adaptive skiers on Loveland Pass

Fresh Tracks Documentary Hits the Virtual Slopes at Vail

July 14, 2020

Getting your film accepted at the prestigious Vail Film Festival is a great success. But what happens when a pandemic forces the film festival to go virtual? Everyone adapts.

Which is actually a perfect metaphor for the powerful athletes featured in Fresh Tracks, a documentary about Paul Leimkuehler and his legacy. Leimkuehler, who was a speed skater, lost his left leg at the Battle of the Bulge in WWII. He founded Leimkuehler, Inc. in 1948 and went on to create the first outrigger for adaptive skiing, becoming “The Grandfather of Handicap Skiing.”

Fresh Tracks film trailer

CU Denver film professor Hans Rosenwinkel directed the documentary, which was co-produced by TFA Group and Leimkuehler Media. The subject was of particular interest to him. A former competitive ski racer, Rosenwinkel has been involved in many ski-related films. “I’m a cinematographer, and I can get the shots,” he said. “Not a lot of people can do that.”

Rosenwinkel filming—and skiing—in Colorado

The result is a cinematic, fast-paced, dramatic film that features amazing people overcoming adversity. And it’s not just about skiing. Fresh Tracks covers a lot of ground (pun intended): love story, world war, life-altering accidents, prosthetic engineering, and Paralympic skiing and snowboarding. “It’s got the umbrella of a sports background but is still a very dramatic tale,” Rosenwinkel said.

From Leimkuehler’s first outriggers, which he created from sawed-off crutches and shortened children’s skis, to today’s high-performance prosthetics, Fresh Tracks juxtaposes the story of Paul Leimkuehler with footage of Mike Schultz, a competitive Paralympian who won gold and silver in snowboarding at the 2018 Winter Paralympics. 

The documentary’s subject, Paul Leimkuehler, who is known as “The Grandfather of Handicap Skiing,” paved the way for future adaptive skiers and snowboarders.

Both Leimkuehler and Schultz founded their own prosthetic companies in order to advance adaptive sports and help amputees who simply want to enjoy physical activities. Both men also had a passion for sharing their engineering with others. Leimkuehler purposely didn’t patent his design, so other people in the amputee community could copy it. And Schultz designs for the very people he competes against: Around 30 male and female athletes used his Moto Knee and Versa Foot in the 2018 Winter Games in South Korea.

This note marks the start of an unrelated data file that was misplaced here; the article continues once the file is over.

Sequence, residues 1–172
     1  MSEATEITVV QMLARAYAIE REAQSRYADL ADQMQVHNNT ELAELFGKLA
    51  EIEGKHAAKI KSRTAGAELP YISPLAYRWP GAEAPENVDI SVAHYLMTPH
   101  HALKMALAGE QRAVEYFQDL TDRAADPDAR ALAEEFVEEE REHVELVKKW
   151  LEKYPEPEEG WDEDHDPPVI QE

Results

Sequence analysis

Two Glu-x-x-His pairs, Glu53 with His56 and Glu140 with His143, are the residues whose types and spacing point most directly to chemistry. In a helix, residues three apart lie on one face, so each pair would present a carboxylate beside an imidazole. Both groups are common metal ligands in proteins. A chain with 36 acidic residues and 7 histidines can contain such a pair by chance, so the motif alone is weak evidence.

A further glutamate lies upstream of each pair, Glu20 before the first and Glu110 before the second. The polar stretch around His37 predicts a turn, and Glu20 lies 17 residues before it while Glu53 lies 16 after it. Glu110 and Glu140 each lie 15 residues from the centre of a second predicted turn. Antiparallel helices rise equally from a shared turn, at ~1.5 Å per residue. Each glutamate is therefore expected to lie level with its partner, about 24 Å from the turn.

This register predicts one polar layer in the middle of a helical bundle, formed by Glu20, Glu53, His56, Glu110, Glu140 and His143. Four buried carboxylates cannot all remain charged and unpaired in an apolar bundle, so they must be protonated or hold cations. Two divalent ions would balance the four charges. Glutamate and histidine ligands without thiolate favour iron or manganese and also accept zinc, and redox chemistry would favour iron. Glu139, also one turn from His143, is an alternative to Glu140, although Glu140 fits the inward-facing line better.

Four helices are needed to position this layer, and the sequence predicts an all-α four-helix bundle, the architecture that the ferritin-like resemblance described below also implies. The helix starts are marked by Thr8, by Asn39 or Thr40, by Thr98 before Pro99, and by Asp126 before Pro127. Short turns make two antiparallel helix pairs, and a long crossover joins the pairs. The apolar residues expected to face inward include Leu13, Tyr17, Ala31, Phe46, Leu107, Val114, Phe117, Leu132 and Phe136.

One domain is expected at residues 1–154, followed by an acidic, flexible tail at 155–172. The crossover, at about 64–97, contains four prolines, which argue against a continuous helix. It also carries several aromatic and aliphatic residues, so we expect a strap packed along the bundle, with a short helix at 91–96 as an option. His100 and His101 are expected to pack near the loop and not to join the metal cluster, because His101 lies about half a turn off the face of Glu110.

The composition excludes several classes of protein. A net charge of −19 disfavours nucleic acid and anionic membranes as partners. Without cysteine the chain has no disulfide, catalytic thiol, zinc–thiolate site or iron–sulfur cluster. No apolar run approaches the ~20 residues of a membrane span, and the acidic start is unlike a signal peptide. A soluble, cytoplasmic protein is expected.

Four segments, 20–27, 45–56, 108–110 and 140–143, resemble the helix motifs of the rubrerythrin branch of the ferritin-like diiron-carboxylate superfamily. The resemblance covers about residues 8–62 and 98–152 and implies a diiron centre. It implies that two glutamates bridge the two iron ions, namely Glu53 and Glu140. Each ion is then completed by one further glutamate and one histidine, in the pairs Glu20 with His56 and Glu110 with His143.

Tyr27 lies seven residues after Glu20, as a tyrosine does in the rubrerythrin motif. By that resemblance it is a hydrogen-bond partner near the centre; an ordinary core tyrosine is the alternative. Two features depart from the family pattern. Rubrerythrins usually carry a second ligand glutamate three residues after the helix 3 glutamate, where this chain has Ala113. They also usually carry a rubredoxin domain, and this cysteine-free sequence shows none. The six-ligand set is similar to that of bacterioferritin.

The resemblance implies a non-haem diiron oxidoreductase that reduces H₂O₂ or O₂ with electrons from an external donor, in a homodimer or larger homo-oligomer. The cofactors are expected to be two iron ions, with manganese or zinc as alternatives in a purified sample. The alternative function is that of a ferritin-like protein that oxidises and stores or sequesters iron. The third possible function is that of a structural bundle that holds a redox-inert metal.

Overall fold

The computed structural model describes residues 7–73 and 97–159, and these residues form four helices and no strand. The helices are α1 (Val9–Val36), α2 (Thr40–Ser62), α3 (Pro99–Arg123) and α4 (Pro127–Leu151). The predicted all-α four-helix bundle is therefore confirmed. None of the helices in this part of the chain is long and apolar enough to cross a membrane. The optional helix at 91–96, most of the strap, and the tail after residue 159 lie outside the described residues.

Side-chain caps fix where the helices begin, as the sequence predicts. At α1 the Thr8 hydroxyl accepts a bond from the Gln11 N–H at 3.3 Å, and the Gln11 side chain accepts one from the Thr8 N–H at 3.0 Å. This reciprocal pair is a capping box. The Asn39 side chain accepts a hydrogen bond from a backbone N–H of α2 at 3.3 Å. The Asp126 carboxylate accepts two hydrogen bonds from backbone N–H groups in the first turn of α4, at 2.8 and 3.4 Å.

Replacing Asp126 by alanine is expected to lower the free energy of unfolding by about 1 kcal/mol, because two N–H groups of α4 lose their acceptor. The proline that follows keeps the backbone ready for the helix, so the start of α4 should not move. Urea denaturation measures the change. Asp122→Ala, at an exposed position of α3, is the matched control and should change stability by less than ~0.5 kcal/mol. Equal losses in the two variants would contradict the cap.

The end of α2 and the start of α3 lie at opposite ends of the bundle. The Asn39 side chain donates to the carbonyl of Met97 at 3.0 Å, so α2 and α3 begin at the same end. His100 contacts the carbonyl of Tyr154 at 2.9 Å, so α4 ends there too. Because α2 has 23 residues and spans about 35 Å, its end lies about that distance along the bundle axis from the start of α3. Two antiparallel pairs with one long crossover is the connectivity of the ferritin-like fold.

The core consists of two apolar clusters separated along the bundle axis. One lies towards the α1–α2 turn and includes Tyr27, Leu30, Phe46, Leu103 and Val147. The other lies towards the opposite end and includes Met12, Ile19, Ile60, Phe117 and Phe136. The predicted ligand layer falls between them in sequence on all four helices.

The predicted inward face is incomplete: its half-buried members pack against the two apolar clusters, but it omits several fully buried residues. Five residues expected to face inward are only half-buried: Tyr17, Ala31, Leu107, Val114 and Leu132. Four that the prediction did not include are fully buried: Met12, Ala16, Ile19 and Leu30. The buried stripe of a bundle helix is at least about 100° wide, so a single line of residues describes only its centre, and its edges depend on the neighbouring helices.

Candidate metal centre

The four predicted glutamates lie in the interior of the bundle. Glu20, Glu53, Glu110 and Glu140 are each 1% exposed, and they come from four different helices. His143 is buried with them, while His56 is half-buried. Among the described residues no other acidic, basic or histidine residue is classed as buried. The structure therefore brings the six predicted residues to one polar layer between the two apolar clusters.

Rosenwinkel filmed Fresh Tracks mostly in Colorado, at Winter Park, Vail, and A-Basin, as well as in the backcountry over Loveland Pass. Fresh Tracks was also shot on location in Ohio, where Leimkuehler, Inc. is located, and in Minnesota, where Schultz lives and designs. Tom Kolicko, another CU Denver film instructor and former student of Rosenwinkel, helped him shoot in Ohio. David Bondelevitch, a professor in Music & Entertainment Studies, designed the film’s sound effects and overall audio mix.

Rosenwinkel considers it an asset that he can discuss real-world issues with his film students. “As a professor, it’s important to be an active researcher, and my research is my creative work,” he explains. Since Rosenwinkel is a diverse filmmaker who works as an editor, writer, cinematographer, and director, he is able to bring industry knowledge into the classes he teaches.

Rosenwinkel at work on the slopes

Interestingly enough, the COVID-19 pandemic is actually benefitting the domestic and international distribution of Fresh Tracks. “In a way, it’s a gift,” Rosenwinkel said. “TV airwaves are dried up, especially for sports-themed content … We have something that’s already finished and polished,” he added. 

After Fresh Tracks, Rosenwinkel will undoubtedly go on to another exciting outdoor project. After all, he decided to become a professor in order to have adventures. When he was an undergraduate student in Montana, his future calling just occurred to him. “You get to teach and travel the world,” he said. “It’s kind of like Indiana Jones.”